Your disease doesn’t define you, says Ironman participant Russell Winwood.
In early June, Russell Winwood, who has just 30% lung capacity and lives with Chronic Obstructive Pulmonary Disease (COPD), undertook the challenge of his life, aiming to complete the Cairns Ironman event with his oxygen tank in tow.
While Russell may not have finished the final leg of the incredible 226-kilometre challenge, he left nothing in the tank.
It was 2011 when the 53-year-old father and husband was diagnosed with COPD, a progressive and irreversible lung condition that causes narrowing of the airways, making it difficult to breathe.
“I could have let this disease slowly suffocate the life out of me. Instead, I decided to do an Ironman event and then another, and another,” Russell said.
Russell relies on supplementary oxygen when exercising, but he doesn’t let that hold him back. He is no stranger to the race scene, with multiple Ironman and marathons under his belt. For the Cairns Ironman event, he carried a 2.5kg supply of oxygen for the cycle and run legs of the event with eight battery changes along the way.
Russell said carrying the oxygen machine added to the challenge – more weight meant a bigger burden on his lungs.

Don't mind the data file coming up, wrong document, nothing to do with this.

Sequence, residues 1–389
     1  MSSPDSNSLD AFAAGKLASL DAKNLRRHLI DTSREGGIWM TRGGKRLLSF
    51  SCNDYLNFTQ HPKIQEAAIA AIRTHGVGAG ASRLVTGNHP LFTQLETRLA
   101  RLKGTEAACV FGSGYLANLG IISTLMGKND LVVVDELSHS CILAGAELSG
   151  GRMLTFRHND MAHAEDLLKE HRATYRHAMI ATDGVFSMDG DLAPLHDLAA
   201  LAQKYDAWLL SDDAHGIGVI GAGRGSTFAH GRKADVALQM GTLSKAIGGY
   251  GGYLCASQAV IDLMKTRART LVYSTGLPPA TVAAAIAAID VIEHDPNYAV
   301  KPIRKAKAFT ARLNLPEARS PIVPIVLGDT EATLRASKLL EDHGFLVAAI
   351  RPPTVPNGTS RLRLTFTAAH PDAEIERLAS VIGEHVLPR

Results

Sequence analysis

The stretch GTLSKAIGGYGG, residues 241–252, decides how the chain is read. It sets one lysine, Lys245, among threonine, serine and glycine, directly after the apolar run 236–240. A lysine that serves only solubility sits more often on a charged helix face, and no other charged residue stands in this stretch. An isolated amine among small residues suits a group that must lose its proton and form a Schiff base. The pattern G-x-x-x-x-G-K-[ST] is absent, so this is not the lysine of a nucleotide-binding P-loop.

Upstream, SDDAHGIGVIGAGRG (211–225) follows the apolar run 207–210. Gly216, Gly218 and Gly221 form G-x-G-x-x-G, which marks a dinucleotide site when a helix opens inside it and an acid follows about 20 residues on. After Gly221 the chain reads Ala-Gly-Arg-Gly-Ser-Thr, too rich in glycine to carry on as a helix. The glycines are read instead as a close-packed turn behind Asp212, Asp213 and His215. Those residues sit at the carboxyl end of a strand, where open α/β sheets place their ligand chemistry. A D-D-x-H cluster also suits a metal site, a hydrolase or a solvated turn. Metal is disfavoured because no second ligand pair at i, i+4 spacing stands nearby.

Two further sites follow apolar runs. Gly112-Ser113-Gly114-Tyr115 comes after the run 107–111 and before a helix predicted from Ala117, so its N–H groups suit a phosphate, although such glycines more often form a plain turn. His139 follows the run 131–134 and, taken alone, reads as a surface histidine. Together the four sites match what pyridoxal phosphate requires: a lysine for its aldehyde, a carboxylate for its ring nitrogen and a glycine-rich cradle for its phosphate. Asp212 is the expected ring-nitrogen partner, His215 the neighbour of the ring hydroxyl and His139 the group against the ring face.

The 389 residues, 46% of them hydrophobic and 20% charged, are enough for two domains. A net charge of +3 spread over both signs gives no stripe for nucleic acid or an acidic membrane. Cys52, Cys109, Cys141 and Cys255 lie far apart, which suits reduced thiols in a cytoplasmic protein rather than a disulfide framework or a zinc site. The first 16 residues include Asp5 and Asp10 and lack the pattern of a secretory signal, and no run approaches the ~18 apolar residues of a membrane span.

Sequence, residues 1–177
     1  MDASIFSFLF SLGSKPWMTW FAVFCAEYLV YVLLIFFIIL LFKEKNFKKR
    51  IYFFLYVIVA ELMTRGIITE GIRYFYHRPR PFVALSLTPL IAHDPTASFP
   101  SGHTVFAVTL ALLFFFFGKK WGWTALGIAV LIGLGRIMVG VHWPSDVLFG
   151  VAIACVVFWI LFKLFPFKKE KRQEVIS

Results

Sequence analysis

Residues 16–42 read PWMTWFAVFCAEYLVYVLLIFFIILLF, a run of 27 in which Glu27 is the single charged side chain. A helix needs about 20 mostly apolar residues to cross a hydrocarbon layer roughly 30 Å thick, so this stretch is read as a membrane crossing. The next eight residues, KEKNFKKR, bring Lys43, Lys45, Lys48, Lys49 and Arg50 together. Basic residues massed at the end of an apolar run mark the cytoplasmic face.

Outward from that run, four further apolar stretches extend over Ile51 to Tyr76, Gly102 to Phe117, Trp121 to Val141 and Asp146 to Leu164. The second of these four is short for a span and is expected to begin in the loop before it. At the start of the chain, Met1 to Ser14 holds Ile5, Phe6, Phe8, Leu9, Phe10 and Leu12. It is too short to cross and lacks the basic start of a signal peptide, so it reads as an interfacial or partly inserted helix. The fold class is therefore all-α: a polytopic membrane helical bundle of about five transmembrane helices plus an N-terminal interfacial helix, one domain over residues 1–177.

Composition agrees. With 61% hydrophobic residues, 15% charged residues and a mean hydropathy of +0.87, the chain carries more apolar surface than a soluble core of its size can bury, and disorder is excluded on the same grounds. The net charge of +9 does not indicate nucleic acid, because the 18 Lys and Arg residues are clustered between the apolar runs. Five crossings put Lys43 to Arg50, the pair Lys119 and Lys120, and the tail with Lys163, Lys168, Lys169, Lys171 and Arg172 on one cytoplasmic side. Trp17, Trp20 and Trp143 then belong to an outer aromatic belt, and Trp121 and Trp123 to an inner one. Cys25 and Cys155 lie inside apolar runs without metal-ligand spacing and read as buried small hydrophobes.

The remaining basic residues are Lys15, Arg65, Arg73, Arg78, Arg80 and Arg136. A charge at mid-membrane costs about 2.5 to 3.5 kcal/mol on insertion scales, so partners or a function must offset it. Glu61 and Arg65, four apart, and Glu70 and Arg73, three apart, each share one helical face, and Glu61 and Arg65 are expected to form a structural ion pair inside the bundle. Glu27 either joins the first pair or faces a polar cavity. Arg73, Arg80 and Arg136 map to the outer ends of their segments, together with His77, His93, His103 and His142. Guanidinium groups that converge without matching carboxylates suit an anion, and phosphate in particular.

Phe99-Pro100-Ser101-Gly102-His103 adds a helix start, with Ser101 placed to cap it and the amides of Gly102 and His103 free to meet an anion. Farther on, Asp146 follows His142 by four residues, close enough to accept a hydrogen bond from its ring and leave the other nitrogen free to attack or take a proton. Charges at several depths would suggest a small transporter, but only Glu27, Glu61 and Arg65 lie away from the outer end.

“As the race went on I was finding it increasingly difficult to keep my oxygen levels controlled. The extra weight really took its toll during the hilly sections of the cycle leg. By the time I reached the run leg I was far more fatigued than in previous races,” he said.
“I am very proud of what I achieved on race day, particularly given the tough conditions, even if it wasn’t the outcome I went in for. I’m already reviewing the day to see where I can improve next time.”
Russell is standing by his motto, to never let his disease define him, and is already back in training for his next race where he will take on heartbreak hill in Sydney’s City2Surf in August.
“My next triathlon will follow, likely the Hervey Bay 100 in November, which is made up of a 2km swim, 80km cycle and a 18km run. It’s not an Ironman but it’s certainly a challenge,” Russell said.
“I hope my experience will continue to motivate other people living with a chronic lung condition. You can be so much more than your diagnosis. When people are faced with adversity they can either give up and be devoured or they can fight and truly see what they are capable of.”
Russell hopes to raise $20,000 to support pulmonary rehabilitation programs across the country. The exercise and education programs support people living with a chronic lung condition to exercise safely, manage breathlessness and live well with their condition.
To show your support, visit: https://lungfoundation.grassrootz.com/run-for-lungs/copd-athlete